This is the last of 3 articles discussing changes in the law applying to the termination of Assured Shorthold Tenancies (ASTs).
The Deregulation Act 2015 was passed on Friday 26 March 2015. The changes are as described in our previous article save for the following:
Tenancy deposit schemes
The ruling made in Superstrike Ltd v Rodrigues 2013 discussed in our first article has thankfully been overturned. The position is now that:
- if a landlord received a deposit on or after 6 April 2007 and protected it, there is no need to re-protect it once the fixed term of the tenancy ends and a statutory periodic tenancy arises; the landlord can simply leave the deposit in the same scheme and does not need to re-serve prescribed information in order to be compliant
- any tenancy deposit being held by a landlord which has not yet been protected can be protected within 90 days from commencement of the Act (i.e. by 23 June 2015) without financial penalty - this includes deposits taken before 6 April 2007 in respect of tenancies which became periodic before that date
- if any deposit is not protected within the 90 days, the landlord cannot serve a s.21 notice to terminate the tenancy unless the deposit is first returned to the tenant. The landlord may also be made subject to financial penalties in these circumstances
- once a deposit is protected, a protection certificate and prescribed information must be served on the tenant by the landlord (or any agent acting on his behalf)
Section 21 notices
- S.21 notices no longer have to be stated to expire on the last day of a period of the tenancy
- if an AST is terminated during a period of the tenancy pursuant to a s.21 notice, provided the tenant has paid rent in advance then he will be entitled to a refund of rent relating to those days falling after the tenancy ends. If he has continued to live in the property for one or more whole days of that period the refund will be pro-rated
- there will be a new prescribed form of s.21 notice but this has not yet been issued
To claim retaliatory eviction (explained in our first article) a tenant must have notified its landlord or letting agent in writing regarding the repairs they say are required at the property. The landlord must provide an adequate response within 14 days, failing which the tenant can complain to the local authority who can serve a notice of improvement on the landlord. An adequate response is one which provides a description of the action that the landlord proposes to take to address the complaint and sets out a reasonable timescale for taking that action. Once a notice of improvement has been served by the local authority a landlord cannot serve a s.21 for six months.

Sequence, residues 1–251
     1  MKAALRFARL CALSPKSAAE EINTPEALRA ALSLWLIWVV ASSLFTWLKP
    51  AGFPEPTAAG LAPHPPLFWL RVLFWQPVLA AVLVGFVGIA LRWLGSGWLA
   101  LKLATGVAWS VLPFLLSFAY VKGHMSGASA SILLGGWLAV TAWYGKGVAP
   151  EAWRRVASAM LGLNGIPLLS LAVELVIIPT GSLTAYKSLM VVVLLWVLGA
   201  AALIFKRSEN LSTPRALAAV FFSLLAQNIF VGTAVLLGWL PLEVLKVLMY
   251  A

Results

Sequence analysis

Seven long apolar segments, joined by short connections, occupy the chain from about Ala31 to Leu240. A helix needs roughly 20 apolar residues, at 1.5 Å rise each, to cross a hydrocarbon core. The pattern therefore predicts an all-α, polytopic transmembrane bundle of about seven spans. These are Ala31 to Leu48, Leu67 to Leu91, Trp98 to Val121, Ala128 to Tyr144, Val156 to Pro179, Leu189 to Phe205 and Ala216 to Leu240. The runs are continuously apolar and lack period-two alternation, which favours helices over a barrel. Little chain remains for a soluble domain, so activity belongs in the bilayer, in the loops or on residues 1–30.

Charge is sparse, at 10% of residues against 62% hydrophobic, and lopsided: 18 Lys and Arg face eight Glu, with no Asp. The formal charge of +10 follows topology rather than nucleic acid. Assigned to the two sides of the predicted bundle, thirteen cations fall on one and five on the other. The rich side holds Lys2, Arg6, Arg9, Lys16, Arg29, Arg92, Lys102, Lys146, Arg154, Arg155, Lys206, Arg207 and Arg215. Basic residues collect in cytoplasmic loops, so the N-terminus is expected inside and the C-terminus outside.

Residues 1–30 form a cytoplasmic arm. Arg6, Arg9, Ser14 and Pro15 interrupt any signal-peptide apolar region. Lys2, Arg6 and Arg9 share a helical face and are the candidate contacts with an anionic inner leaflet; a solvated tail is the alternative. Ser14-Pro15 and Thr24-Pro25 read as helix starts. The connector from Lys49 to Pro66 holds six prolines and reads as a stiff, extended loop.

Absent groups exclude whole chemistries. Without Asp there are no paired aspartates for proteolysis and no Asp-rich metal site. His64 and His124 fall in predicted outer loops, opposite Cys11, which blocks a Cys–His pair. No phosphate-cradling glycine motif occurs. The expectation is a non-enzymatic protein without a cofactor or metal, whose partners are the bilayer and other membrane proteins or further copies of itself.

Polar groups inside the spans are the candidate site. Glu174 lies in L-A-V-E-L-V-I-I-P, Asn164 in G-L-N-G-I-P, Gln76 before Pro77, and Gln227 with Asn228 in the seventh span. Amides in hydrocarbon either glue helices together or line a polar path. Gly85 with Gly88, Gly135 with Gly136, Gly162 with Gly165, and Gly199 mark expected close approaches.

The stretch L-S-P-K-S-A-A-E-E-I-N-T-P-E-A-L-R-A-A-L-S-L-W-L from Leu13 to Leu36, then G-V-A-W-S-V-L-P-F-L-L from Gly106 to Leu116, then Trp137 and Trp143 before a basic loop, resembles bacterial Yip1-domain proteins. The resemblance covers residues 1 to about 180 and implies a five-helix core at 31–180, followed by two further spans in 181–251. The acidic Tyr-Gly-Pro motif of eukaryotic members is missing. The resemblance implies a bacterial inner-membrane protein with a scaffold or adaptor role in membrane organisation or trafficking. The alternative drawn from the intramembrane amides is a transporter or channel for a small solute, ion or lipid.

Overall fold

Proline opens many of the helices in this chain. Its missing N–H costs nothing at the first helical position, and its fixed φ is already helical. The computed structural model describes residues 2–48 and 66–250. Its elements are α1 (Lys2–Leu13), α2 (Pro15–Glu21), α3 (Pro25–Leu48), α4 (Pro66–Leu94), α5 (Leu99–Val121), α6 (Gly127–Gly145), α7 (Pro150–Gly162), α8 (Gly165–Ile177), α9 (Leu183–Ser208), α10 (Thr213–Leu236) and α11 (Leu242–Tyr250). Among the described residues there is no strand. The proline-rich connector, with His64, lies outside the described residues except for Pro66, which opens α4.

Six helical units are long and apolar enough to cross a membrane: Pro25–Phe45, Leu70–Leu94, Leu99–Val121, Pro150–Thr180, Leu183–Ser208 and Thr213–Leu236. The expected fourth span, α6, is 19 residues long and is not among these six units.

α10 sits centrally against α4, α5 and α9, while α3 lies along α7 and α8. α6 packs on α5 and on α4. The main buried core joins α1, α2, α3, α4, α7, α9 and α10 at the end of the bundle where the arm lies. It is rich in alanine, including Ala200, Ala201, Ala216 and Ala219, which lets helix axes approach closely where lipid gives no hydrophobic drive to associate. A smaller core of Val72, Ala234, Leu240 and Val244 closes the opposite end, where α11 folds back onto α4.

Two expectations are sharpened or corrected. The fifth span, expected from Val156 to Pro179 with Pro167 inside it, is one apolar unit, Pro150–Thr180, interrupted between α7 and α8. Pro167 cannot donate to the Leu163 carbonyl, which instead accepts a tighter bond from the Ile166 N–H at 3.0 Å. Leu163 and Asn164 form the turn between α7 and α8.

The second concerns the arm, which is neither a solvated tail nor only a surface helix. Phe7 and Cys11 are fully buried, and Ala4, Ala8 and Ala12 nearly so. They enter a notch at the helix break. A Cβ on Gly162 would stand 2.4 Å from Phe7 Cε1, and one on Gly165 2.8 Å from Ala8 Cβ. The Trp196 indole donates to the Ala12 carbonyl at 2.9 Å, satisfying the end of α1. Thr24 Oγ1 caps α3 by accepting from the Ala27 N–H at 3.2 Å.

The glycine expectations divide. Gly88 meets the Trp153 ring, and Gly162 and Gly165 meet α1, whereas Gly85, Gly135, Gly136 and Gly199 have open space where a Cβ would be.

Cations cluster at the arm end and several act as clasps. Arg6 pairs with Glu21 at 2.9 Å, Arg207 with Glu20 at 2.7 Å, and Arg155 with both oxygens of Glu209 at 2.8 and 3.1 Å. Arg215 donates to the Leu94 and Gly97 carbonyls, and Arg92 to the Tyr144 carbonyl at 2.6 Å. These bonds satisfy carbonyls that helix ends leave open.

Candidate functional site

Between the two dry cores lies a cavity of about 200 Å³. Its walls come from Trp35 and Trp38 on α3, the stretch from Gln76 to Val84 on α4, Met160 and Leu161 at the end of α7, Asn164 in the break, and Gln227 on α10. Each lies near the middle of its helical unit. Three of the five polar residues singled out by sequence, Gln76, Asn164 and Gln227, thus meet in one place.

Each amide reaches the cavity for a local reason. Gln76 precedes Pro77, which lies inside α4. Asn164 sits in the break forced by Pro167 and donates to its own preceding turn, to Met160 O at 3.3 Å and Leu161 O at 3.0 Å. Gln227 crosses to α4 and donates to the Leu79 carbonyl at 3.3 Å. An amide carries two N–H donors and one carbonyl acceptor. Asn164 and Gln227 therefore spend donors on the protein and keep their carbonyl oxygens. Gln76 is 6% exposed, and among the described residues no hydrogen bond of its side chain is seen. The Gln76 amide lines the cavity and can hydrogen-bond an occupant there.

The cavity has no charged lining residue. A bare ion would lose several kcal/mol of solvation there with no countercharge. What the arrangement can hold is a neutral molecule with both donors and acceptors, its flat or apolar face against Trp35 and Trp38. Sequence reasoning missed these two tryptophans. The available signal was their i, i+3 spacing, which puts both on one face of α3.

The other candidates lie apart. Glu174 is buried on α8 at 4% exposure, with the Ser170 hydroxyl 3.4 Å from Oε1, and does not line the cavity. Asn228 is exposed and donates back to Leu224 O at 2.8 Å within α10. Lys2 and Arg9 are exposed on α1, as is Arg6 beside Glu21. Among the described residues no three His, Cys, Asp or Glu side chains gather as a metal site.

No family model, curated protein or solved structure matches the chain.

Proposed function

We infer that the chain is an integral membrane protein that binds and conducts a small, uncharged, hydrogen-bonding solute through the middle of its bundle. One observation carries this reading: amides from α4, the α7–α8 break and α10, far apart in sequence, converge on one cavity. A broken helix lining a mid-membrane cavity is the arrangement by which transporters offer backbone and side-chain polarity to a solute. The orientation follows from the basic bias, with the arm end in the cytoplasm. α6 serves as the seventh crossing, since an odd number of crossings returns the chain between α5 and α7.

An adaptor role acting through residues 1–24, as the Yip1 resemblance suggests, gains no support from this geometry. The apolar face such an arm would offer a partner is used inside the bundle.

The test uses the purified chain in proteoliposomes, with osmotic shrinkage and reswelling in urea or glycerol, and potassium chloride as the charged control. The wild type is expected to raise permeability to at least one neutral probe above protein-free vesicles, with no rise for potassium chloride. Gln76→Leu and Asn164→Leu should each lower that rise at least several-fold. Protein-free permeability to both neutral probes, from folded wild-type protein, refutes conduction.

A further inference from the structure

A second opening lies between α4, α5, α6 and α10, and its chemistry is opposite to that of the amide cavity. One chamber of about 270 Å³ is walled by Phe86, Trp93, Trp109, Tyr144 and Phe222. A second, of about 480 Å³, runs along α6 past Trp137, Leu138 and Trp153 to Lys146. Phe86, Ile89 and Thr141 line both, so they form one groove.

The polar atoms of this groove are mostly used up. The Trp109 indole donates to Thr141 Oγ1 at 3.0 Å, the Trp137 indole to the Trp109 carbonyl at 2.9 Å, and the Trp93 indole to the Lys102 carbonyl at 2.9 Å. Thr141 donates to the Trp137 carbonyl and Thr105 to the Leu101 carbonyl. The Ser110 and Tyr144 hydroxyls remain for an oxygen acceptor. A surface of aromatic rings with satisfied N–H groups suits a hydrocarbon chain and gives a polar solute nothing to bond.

Importantly these provisions do not apply where:
- the poor condition of the property/common parts is due to a breach by the tenant
- the property is genuinely on the market for sale
- the landlord is a private registered provider of social housing; or
- the premises were charged before the grant of the tenancy and the mortgagee wishes to exercise its power of sale and requires vacant possession
It is good news that the act is less complicated than was first expected and that landlords now have a grace period of 90 days in which to protect any deposits they are holding without fear of financial penalty. Residential landlords should therefore diarise 23 June 2015 and ensure that all deposits are protected and prescribed information is issued by this date.
Any landlords with ongoing possession claims or who issued s.21 notices before 26 March 2015 should seek advice as to whether their position has now changed.
Any complaints of disrepair made by tenants should not be ignored (no matter how spurious) and landlords should ensure they provide adequate responses within 14 days to avoid difficulties when seeking possession.
Once the new form of s.21 notice has been prescribed this should be used to avoid arguments of invalidity when commencing possession proceedings to terminate ASTs.
This document is for informational purposes only and does not constitute legal advice. It is recommended that specific professional advice is sought before acting on any of the information given.